oligopsony

noun

ol·​i·​gop·​so·​ny ˌä-lə-ˈgäp-sə-nē How to pronounce oligopsony (audio)
ˌō-
: a market situation in which each of a few buyers exerts a disproportionate influence on the market
oligopsonistic adjective

Did you know?

You're probably familiar with the word monopoly, but you may not recognize its conceptual and linguistic relative, the much rarer oligopsony. Both monopoly and oligopsony are ultimately from Greek, although monopoly passed through Latin before being adopted into English. Monopoly comes from the Greek prefix mono-, which means "one," and pōlein, "to sell." Oligopsony derives from the combining form olig-, meaning "few," and the Greek noun opsōnia—"the purchase of victuals"—which is ultimately from the combination of opson, "food," and ōneisthai, "to buy." It makes sense, then, that oligopsony refers to a buyer's market in which the seller is subjected to the potential demands of a limited pool of buyers. Another related word is monopsony, used for a more extreme oligopsony in which there is only a single buyer.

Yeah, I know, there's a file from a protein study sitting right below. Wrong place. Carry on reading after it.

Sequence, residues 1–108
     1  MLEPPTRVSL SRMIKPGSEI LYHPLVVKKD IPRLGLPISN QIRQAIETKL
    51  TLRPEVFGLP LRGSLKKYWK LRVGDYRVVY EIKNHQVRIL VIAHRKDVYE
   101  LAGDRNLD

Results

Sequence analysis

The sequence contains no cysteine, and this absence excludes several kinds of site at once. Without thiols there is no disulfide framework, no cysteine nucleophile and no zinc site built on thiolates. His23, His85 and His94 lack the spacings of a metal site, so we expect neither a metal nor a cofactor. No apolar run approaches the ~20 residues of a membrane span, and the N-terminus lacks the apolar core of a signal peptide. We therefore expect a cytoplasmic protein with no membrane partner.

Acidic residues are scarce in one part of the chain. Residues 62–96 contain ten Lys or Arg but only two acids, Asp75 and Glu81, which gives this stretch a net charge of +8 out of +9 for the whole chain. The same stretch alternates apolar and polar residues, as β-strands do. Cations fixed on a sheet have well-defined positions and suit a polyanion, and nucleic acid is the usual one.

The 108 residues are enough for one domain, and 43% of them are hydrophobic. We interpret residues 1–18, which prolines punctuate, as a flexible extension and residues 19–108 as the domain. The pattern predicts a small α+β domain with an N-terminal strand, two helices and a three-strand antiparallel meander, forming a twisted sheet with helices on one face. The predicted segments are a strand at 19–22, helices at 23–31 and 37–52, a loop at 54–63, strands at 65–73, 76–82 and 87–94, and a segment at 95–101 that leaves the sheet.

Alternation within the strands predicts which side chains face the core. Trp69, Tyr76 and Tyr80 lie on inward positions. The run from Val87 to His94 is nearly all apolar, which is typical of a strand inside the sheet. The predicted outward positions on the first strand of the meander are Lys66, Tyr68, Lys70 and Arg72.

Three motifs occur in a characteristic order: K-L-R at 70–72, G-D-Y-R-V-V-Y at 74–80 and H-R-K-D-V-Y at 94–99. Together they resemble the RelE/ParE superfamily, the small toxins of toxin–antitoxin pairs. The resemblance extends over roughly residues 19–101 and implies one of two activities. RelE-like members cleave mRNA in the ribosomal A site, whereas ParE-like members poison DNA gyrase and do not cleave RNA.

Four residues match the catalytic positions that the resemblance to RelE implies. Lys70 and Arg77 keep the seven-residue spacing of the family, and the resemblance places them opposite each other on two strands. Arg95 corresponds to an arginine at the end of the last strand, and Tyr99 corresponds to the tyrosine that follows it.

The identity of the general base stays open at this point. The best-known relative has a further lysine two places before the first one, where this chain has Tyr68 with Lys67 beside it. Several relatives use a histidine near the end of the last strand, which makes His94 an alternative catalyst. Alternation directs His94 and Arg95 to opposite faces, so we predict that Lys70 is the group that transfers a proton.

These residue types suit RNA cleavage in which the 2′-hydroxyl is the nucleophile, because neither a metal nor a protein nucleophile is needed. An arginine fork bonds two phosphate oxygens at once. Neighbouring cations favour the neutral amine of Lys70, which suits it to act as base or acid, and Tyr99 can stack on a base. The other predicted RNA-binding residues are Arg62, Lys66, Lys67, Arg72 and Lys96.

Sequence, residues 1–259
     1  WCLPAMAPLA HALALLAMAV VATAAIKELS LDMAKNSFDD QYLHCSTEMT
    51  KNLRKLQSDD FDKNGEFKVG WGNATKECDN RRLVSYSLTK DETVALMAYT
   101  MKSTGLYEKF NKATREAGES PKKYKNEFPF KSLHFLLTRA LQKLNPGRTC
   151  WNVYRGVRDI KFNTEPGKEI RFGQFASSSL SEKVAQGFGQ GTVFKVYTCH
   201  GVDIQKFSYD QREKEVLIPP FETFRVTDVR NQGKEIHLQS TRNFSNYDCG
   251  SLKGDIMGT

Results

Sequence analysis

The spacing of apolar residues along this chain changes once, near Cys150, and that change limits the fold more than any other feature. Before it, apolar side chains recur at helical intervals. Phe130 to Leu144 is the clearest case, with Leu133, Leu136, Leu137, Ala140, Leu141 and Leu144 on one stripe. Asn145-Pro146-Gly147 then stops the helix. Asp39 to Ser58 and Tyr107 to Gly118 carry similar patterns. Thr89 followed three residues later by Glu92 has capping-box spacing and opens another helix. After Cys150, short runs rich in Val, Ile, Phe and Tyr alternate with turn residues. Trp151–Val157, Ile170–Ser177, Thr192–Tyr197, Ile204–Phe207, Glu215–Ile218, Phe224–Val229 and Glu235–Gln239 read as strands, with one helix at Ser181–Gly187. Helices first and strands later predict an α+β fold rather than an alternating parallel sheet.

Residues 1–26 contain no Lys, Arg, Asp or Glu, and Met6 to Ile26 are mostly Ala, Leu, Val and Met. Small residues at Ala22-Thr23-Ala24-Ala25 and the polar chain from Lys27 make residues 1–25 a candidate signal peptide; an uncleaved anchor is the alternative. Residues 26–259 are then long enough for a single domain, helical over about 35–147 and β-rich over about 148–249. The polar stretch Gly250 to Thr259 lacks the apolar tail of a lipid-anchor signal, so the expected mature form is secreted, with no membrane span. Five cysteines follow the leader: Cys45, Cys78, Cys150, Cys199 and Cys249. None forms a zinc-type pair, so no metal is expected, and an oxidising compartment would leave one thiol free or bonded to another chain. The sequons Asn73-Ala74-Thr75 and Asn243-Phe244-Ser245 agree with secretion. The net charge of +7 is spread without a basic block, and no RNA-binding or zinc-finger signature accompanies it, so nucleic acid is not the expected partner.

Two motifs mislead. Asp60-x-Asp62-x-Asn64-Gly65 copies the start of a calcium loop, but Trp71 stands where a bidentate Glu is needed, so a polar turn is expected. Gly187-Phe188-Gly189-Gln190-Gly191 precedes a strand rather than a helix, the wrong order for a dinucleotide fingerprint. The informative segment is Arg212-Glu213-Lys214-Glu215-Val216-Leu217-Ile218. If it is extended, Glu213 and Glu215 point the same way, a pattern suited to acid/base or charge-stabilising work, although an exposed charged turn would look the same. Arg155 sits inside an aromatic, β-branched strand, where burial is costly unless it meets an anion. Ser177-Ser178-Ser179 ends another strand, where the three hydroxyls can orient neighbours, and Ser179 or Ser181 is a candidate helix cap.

Word History

Etymology

olig- + Greek opsōnia purchase of victuals, from opsōnein to purchase victuals, from opson food + ōneisthai to buy — more at venal

First Known Use

1942, in the meaning defined above

Time Traveler
The first known use of oligopsony was in 1942

Podcast

Dictionary Entries Near oligopsony

Cite this Entry

“Oligopsony.” Merriam-Webster.com Dictionary, Merriam-Webster, https://www.merriam-webster.com/dictionary/oligopsony. Accessed 27 May. 2024.

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